The US Treasury Department imposed sanctions on crypto mining company BitRiver, targeting one of the industry’s largest data-center service providers over its operations in Russia in its first such action.
The Switzerland-based firm offers energy sources, mining facilities and large-scale management solutions to Bitcoin miners across the world, including those in Eastern European and Russia. Such regions have been among one of the most popular destinations besides North America for miners that were forced out of China due to Beijing’s crypto mining ban last May.
Treasury’s action comes just a day after the International Monetary Fund warned in a report that cryptocurrency mining could offer a pathway for countries, like Russia and Iran, to bypass sanctions by putting natural resources they are unable to export toward energy-intensive mining operations, such as Bitcoin mining.
Treasury echoed those concerns Wednesday in a news release announcing the restrictions on BitRiver, including 10 of its Russia-based subsidiaries, as the war in Ukraine enters a third month.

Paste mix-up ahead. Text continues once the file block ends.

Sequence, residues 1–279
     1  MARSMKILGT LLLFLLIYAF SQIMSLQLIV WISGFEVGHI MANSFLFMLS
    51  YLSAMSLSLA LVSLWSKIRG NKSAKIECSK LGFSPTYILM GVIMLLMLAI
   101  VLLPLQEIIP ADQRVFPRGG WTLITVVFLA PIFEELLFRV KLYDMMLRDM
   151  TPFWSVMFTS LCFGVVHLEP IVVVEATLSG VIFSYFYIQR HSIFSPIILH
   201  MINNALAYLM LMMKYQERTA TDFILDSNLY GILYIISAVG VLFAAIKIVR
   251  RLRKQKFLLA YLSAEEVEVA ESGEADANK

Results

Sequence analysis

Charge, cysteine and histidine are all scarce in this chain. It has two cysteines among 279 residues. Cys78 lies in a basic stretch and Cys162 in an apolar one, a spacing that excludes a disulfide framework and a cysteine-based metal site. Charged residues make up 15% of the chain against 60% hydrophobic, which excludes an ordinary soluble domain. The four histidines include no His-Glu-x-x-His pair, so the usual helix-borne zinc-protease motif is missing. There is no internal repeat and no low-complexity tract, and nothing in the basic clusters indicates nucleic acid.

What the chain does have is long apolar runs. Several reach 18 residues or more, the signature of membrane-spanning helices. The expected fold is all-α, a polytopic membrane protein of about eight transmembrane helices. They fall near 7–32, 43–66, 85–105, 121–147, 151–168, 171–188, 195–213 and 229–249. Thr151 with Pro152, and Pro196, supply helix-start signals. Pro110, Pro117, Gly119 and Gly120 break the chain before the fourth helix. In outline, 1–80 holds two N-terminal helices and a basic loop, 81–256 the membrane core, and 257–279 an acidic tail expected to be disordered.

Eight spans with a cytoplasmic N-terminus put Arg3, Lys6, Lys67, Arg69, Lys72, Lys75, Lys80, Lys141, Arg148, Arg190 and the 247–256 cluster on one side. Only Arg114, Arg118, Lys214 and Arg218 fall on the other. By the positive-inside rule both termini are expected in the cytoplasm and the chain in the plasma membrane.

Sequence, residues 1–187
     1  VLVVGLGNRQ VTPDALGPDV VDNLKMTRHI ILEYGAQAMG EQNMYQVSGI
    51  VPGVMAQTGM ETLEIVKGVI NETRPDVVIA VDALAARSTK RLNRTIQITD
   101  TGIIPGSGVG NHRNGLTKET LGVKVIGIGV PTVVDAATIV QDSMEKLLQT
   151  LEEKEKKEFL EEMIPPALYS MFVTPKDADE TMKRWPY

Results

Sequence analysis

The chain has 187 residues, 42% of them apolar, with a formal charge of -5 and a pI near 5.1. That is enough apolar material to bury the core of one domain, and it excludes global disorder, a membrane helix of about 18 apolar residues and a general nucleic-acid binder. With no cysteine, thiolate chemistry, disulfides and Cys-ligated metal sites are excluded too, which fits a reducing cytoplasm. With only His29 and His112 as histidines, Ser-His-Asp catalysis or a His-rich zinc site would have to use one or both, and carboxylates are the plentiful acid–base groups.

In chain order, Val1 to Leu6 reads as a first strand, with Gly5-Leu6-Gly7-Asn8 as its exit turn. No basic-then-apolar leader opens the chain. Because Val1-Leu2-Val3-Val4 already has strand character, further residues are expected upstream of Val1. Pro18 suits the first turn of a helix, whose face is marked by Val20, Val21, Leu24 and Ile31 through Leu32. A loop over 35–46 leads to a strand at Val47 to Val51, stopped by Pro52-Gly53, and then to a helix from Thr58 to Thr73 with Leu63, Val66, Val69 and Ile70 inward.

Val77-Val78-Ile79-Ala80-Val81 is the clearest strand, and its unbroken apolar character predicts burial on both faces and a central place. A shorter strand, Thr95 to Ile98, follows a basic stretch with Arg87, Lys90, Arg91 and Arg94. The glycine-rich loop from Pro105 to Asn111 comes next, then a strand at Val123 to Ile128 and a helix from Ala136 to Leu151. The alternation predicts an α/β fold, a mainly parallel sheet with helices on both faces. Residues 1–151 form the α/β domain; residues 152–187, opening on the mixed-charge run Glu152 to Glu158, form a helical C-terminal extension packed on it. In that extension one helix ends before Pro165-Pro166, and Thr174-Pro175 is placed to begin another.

“By operating vast server farms that sell virtual currency mining capacity internationally, these companies help Russia monetize its natural resources,” the department said. “However, mining companies rely on imported computer equipment and fiat payments, which makes them vulnerable to sanctions.”
Last year Bitcoin mining generated an average of about $1.4 billion in revenue per month, of which about 11 per cent might have gone to Russian miners, according to the IMF.
BitRiver has not responded to a request for comment from Bloomberg.
The sanctions on BitRiver could have an impact far beyond the crypto mining industry in Russia, by potentially redistributing and reducing the computing power for Bitcoin mining across the globe, said Roman Zabuga, chief marketing officer at Hamburg-based BWC, a data-center operator for crypto miners.
If the computing power from the sanctioned businesses is disrupted, it will leave fewer places for miners to turn to for hosting their operations. The nearest mining facilities are in Kazakhstan, which has its own issues, while the U.S. and Canada do not have readily available data centers and Europe is expensive, Zabuga said.
Meanwhile, miners that are not involved with BitRiver could potentially earn more Bitcoin with the same computing input, or hash rate, because the difficulty to mine Bitcoin would drop with less competition from BitRiver’s miner clients. This could set up a repeat of what happened after Beijing’s ban on crypto mining last May, which resulted in a sharp drop in global computing power and a multibillion dollar windfall for miners in North America.